Figure 1: Unit 3 of the Fukushima Daiichi Nuclear Power Plant Following the March 11, 2011, Earthquake and Tsunami 7

    Figure 2: NRC’s Headquarters Operations Center 24 Abbreviations Action Plan Action Plan on Nuclear Safety ASN Autorité de Sûreté Nucléaire CNSC Canadian Nuclear Safety Commission Convention Convention on Nuclear Safety DOE Department of Energy ENS Emergency Notification System ENSREG European Nuclear Safety Regulators Group ERDS Emergency Response Data System EU European Union EURATOM European Atomic Energy Community IAEA International Atomic Energy Agency IRRS Integrated Regulatory Review Service IRRT International Regulatory Review Team NEA Nuclear Energy Agency NEPC Nuclear Emergency Preparedness Commission NISA Nuclear and Industrial Safety Agency NRA Nuclear Regulation Authority NRC U.S. Nuclear Regulatory Commission NSSC Nuclear Safety and Security Commission OECD Organization for Economic Cooperation and

    Development ONR Office for Nuclear Regulation OSART Operational Safety Review Team SSM Swedish Radiation Safety Authority TEPCO Tokyo Electric Power Company UN United Nations VPN Virtual Private Network WANO World Association of Nuclear Operators WENRA West European Nuclear Regulators’ Association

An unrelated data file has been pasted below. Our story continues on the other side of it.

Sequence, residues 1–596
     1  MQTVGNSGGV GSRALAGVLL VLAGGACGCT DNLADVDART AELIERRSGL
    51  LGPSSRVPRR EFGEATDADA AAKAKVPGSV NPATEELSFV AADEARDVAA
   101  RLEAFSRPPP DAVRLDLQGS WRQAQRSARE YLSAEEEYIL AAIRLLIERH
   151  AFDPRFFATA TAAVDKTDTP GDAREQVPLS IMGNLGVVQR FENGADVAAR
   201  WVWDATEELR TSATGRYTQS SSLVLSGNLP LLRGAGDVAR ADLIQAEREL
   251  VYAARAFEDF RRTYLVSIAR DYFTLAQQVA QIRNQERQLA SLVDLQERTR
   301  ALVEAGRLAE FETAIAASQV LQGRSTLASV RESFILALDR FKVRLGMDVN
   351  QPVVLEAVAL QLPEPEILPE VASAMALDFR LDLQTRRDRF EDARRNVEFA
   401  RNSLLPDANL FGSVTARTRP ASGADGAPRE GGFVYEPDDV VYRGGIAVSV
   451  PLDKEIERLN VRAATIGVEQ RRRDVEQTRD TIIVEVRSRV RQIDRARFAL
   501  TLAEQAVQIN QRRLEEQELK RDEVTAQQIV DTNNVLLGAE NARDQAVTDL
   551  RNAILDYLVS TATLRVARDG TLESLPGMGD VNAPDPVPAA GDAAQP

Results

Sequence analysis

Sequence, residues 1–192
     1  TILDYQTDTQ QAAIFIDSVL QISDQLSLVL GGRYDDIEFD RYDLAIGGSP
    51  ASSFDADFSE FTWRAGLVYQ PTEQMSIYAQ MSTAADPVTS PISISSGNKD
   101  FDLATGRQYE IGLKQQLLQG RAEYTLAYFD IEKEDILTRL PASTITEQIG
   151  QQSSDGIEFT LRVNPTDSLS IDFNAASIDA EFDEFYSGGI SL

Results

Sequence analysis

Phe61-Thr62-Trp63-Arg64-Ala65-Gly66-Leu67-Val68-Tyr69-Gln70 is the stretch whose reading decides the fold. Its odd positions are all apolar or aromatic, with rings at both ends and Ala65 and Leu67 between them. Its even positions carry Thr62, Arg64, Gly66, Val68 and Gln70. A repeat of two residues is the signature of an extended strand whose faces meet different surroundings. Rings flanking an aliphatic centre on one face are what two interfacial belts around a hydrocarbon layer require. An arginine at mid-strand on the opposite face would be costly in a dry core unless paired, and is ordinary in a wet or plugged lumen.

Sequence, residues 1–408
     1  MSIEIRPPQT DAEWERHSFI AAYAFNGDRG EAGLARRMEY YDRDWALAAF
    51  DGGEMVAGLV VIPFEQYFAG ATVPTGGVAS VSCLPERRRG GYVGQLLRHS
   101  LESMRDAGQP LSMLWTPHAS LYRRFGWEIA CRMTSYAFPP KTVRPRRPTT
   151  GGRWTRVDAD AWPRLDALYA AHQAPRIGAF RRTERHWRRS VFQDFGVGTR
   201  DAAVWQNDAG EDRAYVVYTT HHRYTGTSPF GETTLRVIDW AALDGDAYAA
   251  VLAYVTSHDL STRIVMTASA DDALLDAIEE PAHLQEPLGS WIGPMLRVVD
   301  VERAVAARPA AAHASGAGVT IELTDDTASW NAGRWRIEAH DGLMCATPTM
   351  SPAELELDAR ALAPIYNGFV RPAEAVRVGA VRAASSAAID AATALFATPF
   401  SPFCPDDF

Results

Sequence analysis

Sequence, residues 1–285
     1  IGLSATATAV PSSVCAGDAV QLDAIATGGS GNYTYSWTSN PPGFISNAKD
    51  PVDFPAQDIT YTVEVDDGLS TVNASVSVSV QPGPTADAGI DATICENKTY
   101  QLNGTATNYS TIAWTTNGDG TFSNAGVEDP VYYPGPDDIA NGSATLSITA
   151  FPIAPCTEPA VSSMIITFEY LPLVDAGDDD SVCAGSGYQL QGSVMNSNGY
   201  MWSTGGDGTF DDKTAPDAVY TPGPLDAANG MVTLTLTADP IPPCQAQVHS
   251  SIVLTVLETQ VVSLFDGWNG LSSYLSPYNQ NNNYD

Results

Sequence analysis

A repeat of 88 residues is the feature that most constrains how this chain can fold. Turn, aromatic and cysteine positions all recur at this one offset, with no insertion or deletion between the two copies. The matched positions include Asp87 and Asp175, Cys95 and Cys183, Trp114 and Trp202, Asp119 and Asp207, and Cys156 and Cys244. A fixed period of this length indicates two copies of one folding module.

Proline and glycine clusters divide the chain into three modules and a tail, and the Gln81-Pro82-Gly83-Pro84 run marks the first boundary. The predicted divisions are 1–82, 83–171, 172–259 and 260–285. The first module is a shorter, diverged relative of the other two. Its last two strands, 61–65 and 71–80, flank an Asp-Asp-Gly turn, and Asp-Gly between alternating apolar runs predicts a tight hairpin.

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  • Page 1 GAO-14-109 Nuclear Regulatory Bodies

    441 G St. N.W. Washington, DC 20548

    March 6, 2014 The Honorable Thomas R. Carper Chairman Subcommittee on Transportation and Infrastructure Committee on Environment and Public Works United States Senate Dear Mr. Chairman: The March 2011 accident at Japan’s Fukushima Daiichi nuclear power plant destroyed three nuclear reactors and resulted in the most extensive release of radioactive material at a nuclear power plant since the 1986 Chernobyl disaster.1 The accident, which led to the evacuation of over one hundred thousand residents from the area around the plant and is expected to cost Japan tens of billions of dollars, has led to a review of civilian nuclear power programs worldwide. For example, Germany accelerated the shutdown of its nuclear power reactors, and Jordan reassessed plans to establish a civilian nuclear power program.2